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Definition: The imitation of another’s work as a tribute to that person. The noun is usually pronounced like its French version, hommage (ôm’j), which originally meant a vassal’s pledge of allegiance to a feudal lord.

homage in film

Acting Homage: Acting is more about imitation than invention. Even the so-called original character played by John Wayne in Westerns for a half century was an imitation of Wayne’s friend in early Hollywood, Wyatt Earp. However, an actor imitating another actor does not alone make an homage. For instance, Kurt Russell’s portrayal of Jack Burton in “Big Trouble in Little China” (1986) was, according to Russell, an imitation of John Wayne. However, Russell’s portrayal combined Wayne’s mannerisms with bull-in-a-China-shop behavior so antithetical to a Wyatt Earp image that it was obviously a parody of Wayne, not an homage. 

To be an homage, an imitation must honor the original. This does not mean an homage cannot be comedic. Tony Curtis, for instance, rightly labeled his imitation of good friend Cary Grant in “Some Like It Hot” (1959) an homage.  Funny as Curtis’ performance was, his character did woo and win Marilyn Monroe.

Debatable is whether an homage can be vocal only. For instance, does homage apply to Christian Bale’s iconic raspy voice in his portrayal of Batman in the Dark Knight Trilogy? If you ignore Bale's Batman visually, you hear an imitation of Clint Eastwood.

Scripted Homage: Most homages are scripted and consist of action and setting. Dialogue is rarely imitated probably because it would be plagiarism literally.

Most homages are brief. Such are the numerous imitations of the scene in “Duck Soup” (1933) in which Harpo Marx pretends to be the mirror image of Groucho Marx. Homages to this scene are found in films ranging from “The Pink Panther” (1963) to “Muppets Most Wanted” (2014).

Extensive homages are key to their films’ plots. For instance, in “What Lies Beneath” (2000), we see an homage to Alfred Hitchcock’s “Rear Window” (1954) in which housewife Michelle Pfeiffer spies on the house next door and eventually believes the husband living there murdered his wife. An even more extensive imitation of “Rear Window” is found in the film “Disturbia” (2007), which led to a lawsuit claiming the film owed its plot to the 1942 short story upon which “Rear Window” was based.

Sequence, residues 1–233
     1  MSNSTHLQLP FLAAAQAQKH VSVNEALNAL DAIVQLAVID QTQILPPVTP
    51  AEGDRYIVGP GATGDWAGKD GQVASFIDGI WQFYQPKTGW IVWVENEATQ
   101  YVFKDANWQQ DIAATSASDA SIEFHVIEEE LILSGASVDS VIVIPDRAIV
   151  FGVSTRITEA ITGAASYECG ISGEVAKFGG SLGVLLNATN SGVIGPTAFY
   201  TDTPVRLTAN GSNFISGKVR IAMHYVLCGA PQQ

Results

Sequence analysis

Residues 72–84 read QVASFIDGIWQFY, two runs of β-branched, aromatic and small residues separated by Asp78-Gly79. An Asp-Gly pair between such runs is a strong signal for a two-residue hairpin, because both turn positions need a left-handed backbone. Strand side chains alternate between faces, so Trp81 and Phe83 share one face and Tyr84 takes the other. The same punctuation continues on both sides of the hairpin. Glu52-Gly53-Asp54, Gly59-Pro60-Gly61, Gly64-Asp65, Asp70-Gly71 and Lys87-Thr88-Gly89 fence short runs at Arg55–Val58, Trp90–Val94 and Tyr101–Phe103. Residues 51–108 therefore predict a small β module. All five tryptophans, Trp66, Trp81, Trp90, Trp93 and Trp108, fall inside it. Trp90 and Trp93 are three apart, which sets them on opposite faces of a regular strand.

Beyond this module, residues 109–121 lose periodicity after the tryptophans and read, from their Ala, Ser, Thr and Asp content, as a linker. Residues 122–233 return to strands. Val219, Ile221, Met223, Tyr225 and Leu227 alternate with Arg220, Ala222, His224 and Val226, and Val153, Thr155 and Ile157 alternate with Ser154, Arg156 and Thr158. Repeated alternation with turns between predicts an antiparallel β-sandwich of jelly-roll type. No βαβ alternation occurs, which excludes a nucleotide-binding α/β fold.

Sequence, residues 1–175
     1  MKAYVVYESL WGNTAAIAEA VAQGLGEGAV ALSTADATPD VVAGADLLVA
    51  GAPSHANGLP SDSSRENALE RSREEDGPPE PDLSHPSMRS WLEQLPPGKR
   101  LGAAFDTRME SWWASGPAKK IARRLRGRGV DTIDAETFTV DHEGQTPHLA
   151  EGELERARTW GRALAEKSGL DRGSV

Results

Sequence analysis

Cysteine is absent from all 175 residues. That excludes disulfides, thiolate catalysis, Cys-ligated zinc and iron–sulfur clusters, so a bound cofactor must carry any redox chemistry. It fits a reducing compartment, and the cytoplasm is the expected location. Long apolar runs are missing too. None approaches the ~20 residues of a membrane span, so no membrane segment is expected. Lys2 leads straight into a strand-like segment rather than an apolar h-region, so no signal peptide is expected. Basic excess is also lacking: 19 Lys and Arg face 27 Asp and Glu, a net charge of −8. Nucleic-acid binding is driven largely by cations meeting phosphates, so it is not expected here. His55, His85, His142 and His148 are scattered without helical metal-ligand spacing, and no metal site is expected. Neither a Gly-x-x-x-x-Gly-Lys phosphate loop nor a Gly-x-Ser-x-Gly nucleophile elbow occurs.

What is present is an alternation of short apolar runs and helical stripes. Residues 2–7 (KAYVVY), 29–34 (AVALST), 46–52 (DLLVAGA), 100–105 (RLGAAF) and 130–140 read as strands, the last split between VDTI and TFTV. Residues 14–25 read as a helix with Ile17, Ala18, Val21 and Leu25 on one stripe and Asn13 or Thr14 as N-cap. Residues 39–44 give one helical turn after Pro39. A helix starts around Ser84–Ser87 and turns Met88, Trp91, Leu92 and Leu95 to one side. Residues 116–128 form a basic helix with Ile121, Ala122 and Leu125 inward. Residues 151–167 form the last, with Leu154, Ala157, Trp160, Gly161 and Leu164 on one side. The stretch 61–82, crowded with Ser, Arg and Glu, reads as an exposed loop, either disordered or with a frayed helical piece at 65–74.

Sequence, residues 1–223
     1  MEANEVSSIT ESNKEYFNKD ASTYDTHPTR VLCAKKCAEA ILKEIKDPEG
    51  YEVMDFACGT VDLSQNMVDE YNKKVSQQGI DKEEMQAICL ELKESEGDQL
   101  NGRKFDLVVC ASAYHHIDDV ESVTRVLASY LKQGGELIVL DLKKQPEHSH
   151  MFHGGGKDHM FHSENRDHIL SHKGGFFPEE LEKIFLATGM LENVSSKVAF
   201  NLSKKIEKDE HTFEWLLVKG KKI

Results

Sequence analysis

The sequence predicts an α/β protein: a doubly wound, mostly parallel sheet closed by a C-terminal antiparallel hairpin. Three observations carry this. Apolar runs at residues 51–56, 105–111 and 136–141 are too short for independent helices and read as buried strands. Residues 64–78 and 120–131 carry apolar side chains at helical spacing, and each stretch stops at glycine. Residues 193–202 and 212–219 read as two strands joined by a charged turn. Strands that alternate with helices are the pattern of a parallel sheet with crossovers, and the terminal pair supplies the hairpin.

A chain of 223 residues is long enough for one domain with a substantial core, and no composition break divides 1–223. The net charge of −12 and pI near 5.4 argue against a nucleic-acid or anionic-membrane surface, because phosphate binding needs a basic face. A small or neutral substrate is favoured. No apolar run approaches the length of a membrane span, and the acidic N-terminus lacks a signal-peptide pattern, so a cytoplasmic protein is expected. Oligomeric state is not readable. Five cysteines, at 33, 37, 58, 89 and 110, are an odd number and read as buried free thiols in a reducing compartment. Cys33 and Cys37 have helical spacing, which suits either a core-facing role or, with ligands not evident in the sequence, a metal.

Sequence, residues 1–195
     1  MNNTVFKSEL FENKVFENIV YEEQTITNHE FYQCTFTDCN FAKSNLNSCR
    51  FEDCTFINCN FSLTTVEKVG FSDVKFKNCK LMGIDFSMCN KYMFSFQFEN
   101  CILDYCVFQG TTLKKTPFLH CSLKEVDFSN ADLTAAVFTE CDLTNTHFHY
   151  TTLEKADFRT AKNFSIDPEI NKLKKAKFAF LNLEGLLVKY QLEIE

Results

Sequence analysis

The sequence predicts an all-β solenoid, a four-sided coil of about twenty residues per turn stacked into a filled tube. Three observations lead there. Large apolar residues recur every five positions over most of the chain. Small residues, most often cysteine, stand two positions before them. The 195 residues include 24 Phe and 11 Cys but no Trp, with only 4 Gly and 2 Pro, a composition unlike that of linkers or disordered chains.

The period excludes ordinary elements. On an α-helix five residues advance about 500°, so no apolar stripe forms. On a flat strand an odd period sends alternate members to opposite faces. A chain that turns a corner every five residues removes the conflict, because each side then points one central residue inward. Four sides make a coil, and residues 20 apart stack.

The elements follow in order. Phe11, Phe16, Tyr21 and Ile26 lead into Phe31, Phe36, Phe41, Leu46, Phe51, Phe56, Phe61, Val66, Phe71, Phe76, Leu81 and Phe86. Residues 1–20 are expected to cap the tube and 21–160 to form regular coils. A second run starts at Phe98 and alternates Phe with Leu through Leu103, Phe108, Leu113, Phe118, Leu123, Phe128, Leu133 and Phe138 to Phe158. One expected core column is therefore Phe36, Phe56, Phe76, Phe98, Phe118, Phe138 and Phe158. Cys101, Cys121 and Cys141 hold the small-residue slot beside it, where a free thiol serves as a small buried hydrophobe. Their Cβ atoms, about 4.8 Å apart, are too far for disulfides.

In general, homages are regarded as either golden threads linking cinema’s present to its past or intellectual property theft. Outcomes of successful lawsuits indicate that to constitute plagiarism an homage must represent a film’s central concept and either:

 1) be drawn from a short film/television episode no one would think of as the subject of a motion picture homage, e.g., a lawsuit against James Cameron that claimed “The Terminator” (1984) plagiarized an episode of television’s “The Outer Limits”; or

2) be drawn from a feature film that English-speaking moviegoers would not know because it is in a foreign language (e.g., a lawsuit against Sergio Leone by Akira Kuraswa that claimed “A Fistful of Dollars” (1964) plagiarized “Yojimbo” (1961).

Clearly cinema is far more disposed to imitation than literature. Filmmaking is the art of visual storytelling, and although the possibility of unique stories may be endless, the possibility of unique visuals to tell them is not. After more than a century of cinema, there is little new visually under the sun. The genres of modern movies are therefore increasingly fantasy and science fiction with visuals invented using CGI (computer generated imagery).  

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